50TH ANNIVERSARY OF BROWN VS. BOARD OF EDUCATION OF TOPEKA
Mr. McCONNELL. Madam President, I rise this morning to mark the 50th Anniversary of the Supreme Court's historic decision in the case of Brown vs. Board of Education of Topeka.
As I stand at my desk on the Senate floor, my eyes are often drawn to the inscription etched in marble directly above the rostrum.
The inscription reads, "E Pluribus Unum." Translated into English, this means, "out of many, one." The founding fathers selected "E Pluribus Unum" to signify the union of our thirteen original colonies into a single cohesive nation-the United States of America. They understood that America's future success, and indeed our strength, would be enhanced through this union.
As our Nation grew in size, population, and diversity, our national motto took on greater meaning.
Today, "E Pluribus Unum" reminds us that America is home to a collection of individuals of all races, creeds, and backgrounds. These individuals together make up America's strength and majesty.
I do not believe the architects of this hallowed chamber etched these words into such a prominent place by accident. As you know, Senate rules require every Senator to engage in debate-no matter how heated or contentious-through the presiding officer. These three words, "E Pluribus Unum," inscribed directly above the presiding officer serve to remind us that regardless of the differences that may divide this body on a given day, we will emerge united as a Senate and united as a Nation.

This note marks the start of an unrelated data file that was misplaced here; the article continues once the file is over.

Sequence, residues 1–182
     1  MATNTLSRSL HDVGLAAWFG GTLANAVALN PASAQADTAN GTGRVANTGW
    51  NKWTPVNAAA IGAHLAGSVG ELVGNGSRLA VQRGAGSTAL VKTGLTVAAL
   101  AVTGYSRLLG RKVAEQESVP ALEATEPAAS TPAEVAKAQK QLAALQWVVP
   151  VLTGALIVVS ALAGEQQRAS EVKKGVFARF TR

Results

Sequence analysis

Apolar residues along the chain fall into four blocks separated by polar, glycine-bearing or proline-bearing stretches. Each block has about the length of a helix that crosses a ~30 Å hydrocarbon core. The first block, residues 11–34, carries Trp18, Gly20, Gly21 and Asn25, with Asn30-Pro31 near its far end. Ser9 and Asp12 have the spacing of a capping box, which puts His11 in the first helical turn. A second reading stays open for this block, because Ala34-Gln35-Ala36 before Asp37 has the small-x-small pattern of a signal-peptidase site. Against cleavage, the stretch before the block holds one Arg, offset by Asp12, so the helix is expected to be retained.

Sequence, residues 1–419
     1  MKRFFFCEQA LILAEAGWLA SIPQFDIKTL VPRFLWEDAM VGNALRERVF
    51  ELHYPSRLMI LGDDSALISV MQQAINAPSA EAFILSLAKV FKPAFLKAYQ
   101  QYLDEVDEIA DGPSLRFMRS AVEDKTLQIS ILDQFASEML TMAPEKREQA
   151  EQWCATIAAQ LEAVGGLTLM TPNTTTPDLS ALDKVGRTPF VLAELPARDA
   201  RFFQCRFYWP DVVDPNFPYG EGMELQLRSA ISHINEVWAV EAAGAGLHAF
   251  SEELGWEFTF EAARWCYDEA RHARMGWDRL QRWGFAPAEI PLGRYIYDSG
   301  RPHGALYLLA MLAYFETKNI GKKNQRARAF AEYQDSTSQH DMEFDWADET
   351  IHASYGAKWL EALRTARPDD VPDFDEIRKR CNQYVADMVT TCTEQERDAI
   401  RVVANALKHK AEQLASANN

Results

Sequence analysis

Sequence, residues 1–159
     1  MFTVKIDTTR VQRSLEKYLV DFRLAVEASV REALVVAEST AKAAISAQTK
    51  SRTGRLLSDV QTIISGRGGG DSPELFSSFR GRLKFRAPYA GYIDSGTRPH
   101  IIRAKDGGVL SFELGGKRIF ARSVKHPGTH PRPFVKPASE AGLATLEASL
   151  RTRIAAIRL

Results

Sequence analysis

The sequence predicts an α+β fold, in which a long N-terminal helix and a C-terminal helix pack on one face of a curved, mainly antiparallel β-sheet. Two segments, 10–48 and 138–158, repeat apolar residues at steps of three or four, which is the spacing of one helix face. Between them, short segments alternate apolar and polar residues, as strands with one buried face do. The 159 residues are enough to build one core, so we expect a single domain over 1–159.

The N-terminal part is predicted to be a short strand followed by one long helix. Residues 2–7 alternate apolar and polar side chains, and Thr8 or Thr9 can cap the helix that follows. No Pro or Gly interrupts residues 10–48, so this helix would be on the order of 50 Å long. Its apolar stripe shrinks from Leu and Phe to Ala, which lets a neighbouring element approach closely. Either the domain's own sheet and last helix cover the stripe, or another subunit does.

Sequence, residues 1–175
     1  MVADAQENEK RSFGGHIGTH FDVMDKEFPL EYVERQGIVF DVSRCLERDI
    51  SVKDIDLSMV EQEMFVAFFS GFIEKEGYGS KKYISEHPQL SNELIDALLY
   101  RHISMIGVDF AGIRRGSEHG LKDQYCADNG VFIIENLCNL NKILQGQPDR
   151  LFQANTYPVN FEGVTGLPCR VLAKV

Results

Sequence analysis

As columnist George Will noted, we are "a nation defined by our unum, not our pluribus."
Yet, tragically, for much of our Nation's history, millions of African-Americans were excluded from fully participating in our democracy-first by slavery, and later through a system of State-sponsored segregation.
This system of legalized segregation was sanctioned by the Supreme Court case Plessy vs. Ferguson and its doctrine allowing for "separate, but equal" public accommodations, including schools.